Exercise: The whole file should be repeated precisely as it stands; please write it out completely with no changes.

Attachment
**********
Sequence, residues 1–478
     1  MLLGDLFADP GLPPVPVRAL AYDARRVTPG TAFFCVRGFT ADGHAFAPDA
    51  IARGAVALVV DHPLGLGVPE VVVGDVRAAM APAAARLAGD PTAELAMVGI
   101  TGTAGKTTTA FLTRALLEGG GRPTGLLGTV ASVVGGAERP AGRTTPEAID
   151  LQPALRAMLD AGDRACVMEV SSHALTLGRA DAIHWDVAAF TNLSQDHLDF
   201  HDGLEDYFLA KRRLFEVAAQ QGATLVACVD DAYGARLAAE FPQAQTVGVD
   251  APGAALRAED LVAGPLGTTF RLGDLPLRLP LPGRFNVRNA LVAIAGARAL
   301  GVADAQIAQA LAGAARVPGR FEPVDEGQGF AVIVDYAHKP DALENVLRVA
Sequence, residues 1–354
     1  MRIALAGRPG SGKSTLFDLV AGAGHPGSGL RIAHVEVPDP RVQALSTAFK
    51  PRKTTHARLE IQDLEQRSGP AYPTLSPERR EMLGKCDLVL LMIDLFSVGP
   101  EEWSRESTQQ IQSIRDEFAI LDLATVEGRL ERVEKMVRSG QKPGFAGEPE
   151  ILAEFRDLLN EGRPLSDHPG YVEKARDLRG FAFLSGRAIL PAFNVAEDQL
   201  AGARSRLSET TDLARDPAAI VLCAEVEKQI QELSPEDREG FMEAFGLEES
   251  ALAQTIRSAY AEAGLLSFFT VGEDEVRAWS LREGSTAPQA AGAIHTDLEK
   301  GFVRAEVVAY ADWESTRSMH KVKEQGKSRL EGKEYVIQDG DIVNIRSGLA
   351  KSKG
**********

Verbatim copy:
Sequence, residues 1–478
     1  MLLGDLFADP GLPPVPVRAL AYDARRVTPG TAFFCVRGFT ADGHAFAPDA
    51  IARGAVALVV DHPLGLGVPE VVVGDVRAAM APAAARLAGD PTAELAMVGI
   101  TGTAGKTTTA FLTRALLEGG GRPTGLLGTV ASVVGGAERP AGRTTPEAID
   151  LQPALRAMLD AGDRACVMEV SSHALTLGRA DAIHWDVAAF TNLSQDHLDF
   201  HDGLEDYFLA KRRLFEVAAQ QGATLVACVD DAYGARLAAE FPQAQTVGVD
   251  APGAALRAED LVAGPLGTTF RLGDLPLRLP LPGRFNVRNA LVAIAGARAL
   301  GVADAQIAQA LAGAARVPGR FEPVDEGQGF AVIVDYAHKP DALENVLRVA
Sequence, residues 1–354
     1  MRIALAGRPG SGKSTLFDLV AGAGHPGSGL RIAHVEVPDP RVQALSTAFK
    51  PRKTTHARLE IQDLEQRSGP AYPTLSPERR EMLGKCDLVL LMIDLFSVGP
   101  EEWSRESTQQ IQSIRDEFAI LDLATVEGRL ERVEKMVRSG QKPGFAGEPE
   151  ILAEFRDLLN EGRPLSDHPG YVEKARDLRG FAFLSGRAIL PAFNVAEDQL
   201  AGARSRLSET TDLARDPAAI VLCAEVEKQI QELSPEDREG FMEAFGLEES
   251  ALAQTIRSAY AEAGLLSFFT VGEDEVRAWS LREGSTAPQA AGAIHTDLEK
   301  GFVRAEVVAY ADWESTRSMH KVKEQGKSRL EGKEYVIQDG DIVNIRSGLA
   351  KSKG